The teeth consist of the hardest substances that make up the human body. A complete set of teeth is crucial to nourishment and digestion. As such, the long and sharp canine are designed to pierce meat, while the wide and flat molars are built to grind food.
Apart from this, a complete set of teeth is essential in the proper production of speech.
The Anatomy Of A Tooth
- Enamel. The dental enamel makes for the white outside surface of the tooth. It mostly consists of calcium, phosphate, and rock-hard mineral.
- Dentin. The dentin is the layer that underlies the dental enamel. It naturally consists of living cells, which produce a hard mineral substance.
- Pulp. The dental pulp is the sensory component of the tooth. It plays a central role in the nourishment of a still-developing tooth. The dental pulp consists of nerves, blood vessels, and soft tissues.
- Cementum. The cementum is structure of connective tissue that attaches the entire tooth structure to the alveolar bone.
Types Of Teeth
People generally grow two types of teeth throughout their lifetime: the primary teeth (otherwise known as baby teeth, milk teeth, or deciduous teeth), and the permanent teeth (otherwise known as the adult teeth, or secondary teeth).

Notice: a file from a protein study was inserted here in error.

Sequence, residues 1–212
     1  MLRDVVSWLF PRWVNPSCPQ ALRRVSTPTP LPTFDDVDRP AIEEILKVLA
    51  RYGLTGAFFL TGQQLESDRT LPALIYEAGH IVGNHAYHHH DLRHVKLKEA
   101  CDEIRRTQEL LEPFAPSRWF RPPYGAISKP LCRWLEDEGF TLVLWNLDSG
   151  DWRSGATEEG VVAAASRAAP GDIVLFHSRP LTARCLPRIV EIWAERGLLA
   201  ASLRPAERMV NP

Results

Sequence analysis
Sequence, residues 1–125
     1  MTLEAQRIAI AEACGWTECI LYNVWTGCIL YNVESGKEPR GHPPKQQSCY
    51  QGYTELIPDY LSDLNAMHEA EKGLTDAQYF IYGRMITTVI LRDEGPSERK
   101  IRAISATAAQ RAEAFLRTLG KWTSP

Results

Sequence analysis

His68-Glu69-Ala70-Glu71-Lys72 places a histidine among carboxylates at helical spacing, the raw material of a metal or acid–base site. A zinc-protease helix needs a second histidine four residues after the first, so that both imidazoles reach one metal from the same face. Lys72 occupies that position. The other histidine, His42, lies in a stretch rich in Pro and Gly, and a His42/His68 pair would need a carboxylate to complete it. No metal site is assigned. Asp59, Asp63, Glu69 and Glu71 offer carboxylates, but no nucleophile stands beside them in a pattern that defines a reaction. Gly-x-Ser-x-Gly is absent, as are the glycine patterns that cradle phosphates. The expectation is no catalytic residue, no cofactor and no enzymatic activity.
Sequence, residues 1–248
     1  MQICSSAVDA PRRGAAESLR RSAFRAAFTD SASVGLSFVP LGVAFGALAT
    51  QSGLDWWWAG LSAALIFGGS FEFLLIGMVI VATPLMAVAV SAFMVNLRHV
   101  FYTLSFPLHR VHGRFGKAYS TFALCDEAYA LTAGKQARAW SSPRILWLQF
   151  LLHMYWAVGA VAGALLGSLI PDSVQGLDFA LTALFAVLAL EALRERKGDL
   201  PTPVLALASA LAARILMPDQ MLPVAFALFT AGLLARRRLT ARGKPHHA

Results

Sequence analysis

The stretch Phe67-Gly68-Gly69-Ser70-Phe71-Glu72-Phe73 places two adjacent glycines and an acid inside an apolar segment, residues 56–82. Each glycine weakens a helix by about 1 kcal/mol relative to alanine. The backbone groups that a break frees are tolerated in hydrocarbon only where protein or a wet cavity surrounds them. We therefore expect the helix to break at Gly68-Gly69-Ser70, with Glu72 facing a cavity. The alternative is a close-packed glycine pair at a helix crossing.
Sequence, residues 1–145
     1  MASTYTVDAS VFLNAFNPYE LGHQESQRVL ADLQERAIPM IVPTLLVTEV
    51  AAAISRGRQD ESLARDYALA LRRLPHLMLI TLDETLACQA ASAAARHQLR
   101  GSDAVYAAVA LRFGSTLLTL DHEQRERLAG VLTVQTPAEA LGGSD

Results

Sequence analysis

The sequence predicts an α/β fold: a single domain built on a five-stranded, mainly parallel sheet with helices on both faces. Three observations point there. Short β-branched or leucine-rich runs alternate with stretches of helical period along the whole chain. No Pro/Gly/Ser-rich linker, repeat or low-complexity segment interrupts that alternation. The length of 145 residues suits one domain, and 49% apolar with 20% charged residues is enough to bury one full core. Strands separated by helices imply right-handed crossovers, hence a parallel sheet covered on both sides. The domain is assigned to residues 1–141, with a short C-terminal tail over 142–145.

Babies are born toothless. Baby teeth start to grow into the mouth when the child is approximately 6 months old. A complete set usually consists of 20 teeth.
When the child is at the ages between 6 to 4 years, the primary teeth starts falling out one by one, and are replaced by the more durable and more deeply rooted permanent teeth. A complete set usually consists of 36 teeth.
Your teeth are built to last a lifetime. Sadly, some just don’t. It takes healthy dental habits to preserve the natural vitality and durability of your tooth. Perhaps more importantly, preserving and promoting optimal oral health requires the help of your local Campbelltown dentist.
Dedicated to upholding dental and oral wellness for you and your family, Campbelltown Dental Care provides top-notch dental treatment to the local Campbelltown community and its surrounding areas. Call us on 02 4620 5919 or book your appointment online and claim your FREE dental consultation today!Share